News | May 20, 2009

SAVI Breast Cancer Radiation Device Expands Availability of Brachytherapy, Studies Says

May 20, 2009 - Breast cancer radiation with the SAVI applicator provides positive cosmetic outcomes and the multicatheter device allows greater planning flexibility, technically easier insertion, according to two new studies on breast conservation therapy patients with small breasts, small tumor beds and minimal distance between the lumpectomy cavity and skin surface.

The studies, which were conducted at Moores Cancer Center at University of California, San Diego, will be presented from the podium at the American Brachytherapy Society’s annual meeting, May 31-June 2, 2009, in Toronto.

SAVI is implemented as part of breast conservation therapy, which encompasses surgery to remove the breast cancer and follow-up radiation delivered inside the breast in a procedure known as breast brachytherapy. SAVI treatment is completed in just five days, compared to the six weeks of treatment, five days a week, that are typically required by traditional, external-beam radiation treatment.

The first study was led by Daniel Scanderbeg, Ph.D., and the second study was led by Catheryn Yashar, M.D., associate professor and chief of breast and gynecological services in the UCSD Department of Radiation Oncology.

Dr. Scanderbeg’s study retrospectively evaluated 13 breast cancer patients who chose breast conservation therapy and were successfully treated with SAVI. None of the 13 was eligible for the older form of brachytherapy because they had breast cancer tumor cavities less than 7 mm from the skin surface. That distance is too small for use of the balloon device, because it cannot modulate the dose to minimize skin damage if the cavity is less than 7 mm from the skin surface.

SAVI is not limited by restrictions on skin spacing, because its design enables physicians to direct the radiation dose away from the skin.

According to the study, SAVI provided outstanding coverage of the breast cancer tumor bed while simultaneously sparing normal tissue from radiation. There were no infections, persistent seromas or local recurrences of cancer among any of the patients. Researchers called the cosmetic outcomes “outstanding.”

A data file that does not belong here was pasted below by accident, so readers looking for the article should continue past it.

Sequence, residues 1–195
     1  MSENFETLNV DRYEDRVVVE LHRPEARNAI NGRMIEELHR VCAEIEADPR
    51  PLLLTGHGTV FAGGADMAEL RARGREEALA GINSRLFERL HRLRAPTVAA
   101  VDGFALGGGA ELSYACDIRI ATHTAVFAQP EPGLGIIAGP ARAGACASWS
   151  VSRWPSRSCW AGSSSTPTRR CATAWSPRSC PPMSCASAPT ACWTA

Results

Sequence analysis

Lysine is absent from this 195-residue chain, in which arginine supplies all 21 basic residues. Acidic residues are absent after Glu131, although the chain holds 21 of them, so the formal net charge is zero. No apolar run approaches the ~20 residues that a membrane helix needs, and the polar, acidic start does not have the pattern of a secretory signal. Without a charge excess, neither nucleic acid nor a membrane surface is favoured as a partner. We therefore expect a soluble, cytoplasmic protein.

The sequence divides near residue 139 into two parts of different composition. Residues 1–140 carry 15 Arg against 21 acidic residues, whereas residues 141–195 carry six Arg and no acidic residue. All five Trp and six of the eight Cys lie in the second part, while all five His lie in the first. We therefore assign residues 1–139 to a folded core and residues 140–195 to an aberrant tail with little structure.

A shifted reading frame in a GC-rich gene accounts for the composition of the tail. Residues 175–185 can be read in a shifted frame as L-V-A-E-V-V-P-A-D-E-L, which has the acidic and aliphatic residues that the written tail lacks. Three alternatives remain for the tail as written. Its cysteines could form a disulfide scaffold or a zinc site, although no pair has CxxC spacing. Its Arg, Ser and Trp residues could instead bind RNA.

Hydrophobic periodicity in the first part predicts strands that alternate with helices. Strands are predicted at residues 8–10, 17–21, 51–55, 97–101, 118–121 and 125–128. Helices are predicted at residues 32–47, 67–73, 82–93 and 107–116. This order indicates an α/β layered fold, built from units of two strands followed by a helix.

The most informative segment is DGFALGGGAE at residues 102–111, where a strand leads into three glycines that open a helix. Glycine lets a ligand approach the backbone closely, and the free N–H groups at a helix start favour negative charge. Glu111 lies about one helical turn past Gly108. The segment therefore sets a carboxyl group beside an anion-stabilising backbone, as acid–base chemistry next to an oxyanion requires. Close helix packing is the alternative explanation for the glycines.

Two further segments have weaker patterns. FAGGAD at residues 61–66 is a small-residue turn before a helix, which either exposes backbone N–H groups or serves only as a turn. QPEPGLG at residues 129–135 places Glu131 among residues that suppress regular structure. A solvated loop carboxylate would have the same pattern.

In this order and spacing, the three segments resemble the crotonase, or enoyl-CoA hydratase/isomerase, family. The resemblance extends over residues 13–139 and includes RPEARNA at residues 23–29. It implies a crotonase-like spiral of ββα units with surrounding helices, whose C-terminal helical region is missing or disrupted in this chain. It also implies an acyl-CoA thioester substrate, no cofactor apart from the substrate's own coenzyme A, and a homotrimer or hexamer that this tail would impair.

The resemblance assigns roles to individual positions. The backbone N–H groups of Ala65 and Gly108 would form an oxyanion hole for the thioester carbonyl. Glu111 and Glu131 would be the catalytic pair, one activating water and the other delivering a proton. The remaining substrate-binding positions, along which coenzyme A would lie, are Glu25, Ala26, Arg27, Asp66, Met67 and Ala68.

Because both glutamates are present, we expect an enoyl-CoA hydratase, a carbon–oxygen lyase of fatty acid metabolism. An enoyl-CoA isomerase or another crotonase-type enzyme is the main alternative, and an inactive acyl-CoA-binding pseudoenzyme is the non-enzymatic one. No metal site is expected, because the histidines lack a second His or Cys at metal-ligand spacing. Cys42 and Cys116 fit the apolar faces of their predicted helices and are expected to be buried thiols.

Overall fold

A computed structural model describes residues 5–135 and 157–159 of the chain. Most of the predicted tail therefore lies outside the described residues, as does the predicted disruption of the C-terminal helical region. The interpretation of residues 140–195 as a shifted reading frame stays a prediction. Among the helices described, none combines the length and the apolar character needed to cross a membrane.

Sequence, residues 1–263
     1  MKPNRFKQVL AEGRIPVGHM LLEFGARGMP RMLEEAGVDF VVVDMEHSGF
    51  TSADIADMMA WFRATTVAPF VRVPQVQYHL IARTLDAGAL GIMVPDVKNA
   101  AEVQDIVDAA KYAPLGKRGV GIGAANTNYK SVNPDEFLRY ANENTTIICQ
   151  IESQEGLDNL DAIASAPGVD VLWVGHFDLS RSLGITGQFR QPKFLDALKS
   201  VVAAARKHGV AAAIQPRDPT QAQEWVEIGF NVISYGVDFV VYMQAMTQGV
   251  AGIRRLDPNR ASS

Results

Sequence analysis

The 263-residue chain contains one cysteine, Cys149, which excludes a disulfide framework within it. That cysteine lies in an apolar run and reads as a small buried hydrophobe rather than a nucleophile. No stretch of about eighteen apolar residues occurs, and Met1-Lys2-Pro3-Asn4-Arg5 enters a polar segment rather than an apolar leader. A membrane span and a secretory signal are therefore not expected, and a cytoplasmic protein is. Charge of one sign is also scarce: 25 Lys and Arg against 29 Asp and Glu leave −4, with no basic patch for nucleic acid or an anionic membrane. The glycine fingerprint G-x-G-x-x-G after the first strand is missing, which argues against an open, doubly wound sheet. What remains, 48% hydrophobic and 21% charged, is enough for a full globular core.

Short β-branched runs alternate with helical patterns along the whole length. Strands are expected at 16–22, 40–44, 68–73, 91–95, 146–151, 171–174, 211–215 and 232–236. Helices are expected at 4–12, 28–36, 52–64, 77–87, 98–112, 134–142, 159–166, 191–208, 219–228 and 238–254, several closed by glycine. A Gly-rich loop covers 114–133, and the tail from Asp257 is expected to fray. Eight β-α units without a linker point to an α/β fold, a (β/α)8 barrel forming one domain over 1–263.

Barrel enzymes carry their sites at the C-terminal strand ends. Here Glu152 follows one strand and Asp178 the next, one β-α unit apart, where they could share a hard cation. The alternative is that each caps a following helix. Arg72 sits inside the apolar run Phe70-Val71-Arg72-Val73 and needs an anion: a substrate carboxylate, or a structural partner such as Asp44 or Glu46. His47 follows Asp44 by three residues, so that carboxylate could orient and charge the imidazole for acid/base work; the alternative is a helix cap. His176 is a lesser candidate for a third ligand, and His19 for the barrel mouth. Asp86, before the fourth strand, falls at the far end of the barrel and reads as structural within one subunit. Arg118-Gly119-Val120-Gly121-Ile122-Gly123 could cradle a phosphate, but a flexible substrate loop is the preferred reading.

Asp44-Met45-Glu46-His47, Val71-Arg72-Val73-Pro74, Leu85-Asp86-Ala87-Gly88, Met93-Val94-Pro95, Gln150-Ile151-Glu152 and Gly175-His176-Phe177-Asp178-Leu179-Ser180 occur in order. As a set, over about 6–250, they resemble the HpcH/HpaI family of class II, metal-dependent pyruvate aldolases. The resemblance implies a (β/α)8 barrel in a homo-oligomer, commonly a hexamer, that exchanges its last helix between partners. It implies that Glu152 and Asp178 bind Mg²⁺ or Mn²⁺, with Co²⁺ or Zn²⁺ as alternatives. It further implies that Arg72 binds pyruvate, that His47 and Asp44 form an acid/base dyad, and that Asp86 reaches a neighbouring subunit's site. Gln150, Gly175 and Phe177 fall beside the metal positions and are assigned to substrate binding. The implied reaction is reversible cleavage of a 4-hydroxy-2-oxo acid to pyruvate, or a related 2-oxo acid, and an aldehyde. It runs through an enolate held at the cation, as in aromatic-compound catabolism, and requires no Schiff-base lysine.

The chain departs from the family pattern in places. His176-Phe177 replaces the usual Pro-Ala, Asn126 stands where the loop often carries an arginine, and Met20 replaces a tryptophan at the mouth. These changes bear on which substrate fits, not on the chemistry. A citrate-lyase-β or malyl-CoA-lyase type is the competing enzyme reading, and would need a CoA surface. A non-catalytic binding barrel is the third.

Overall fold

“SAVI removes the obstacles associated with balloon brachytherapy, namely the inability to customize the radiation dose to avoid damage to critical structures in women with small breasts, small tumor beds, or narrow skin bridges,” said Dr. Scanderbeg. “With this increased flexibility, SAVI allows a greater proportion of women to choose APBI than was previously possible.”

The second study reviewed early clinical experiences with SAVI in 40 breast cancer patients. Nearly half were not candidates for balloon brachytherapy due to skin spacing or small tumor size.

Researchers concluded that the multicatheter device allowed greater planning flexibility, technically easier insertion and minimal exposure to normal tissue.

“As the popularity of APBI has increased, SAVI has allowed us to treat tumor beds as small as 5 cc’s. This device expands the number of women who benefit from accelerated treatment in the form of breast brachytherapy,” said Dr. Yashar.

Patient tolerance among the 40 patients in Yashar’s group was also excellent. There were no symptomatic seromas and the infection rate was 5 percent - lower than published infection rates for balloon brachytherapy.

The SAVI applicator is made by Cianna Medical, Inc. Moores Cancer Center at UC San Diego was the second medical facility in the nation to offer SAVI for breast brachytherapy.

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